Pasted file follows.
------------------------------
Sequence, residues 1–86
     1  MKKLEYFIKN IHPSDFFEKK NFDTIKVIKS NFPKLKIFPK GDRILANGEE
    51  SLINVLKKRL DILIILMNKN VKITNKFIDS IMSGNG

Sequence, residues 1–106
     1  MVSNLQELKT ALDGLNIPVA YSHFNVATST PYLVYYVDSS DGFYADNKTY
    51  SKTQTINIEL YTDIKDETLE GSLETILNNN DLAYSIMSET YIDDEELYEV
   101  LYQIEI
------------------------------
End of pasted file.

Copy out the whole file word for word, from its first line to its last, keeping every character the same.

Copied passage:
Sequence, residues 1–86
     1  MKKLEYFIKN IHPSDFFEKK NFDTIKVIKS NFPKLKIFPK GDRILANGEE
    51  SLINVLKKRL DILIILMNKN VKITNKFIDS IMSGNG

Sequence, residues 1–106
     1  MVSNLQELKT ALDGLNIPVA YSHFNVATST PYLVYYVDSS DGFYADNKTY
    51  SKTQTINIEL YTDIKDETLE GSLETILNNN DLAYSIMSET YIDDEELYEV
   101  LYQIEI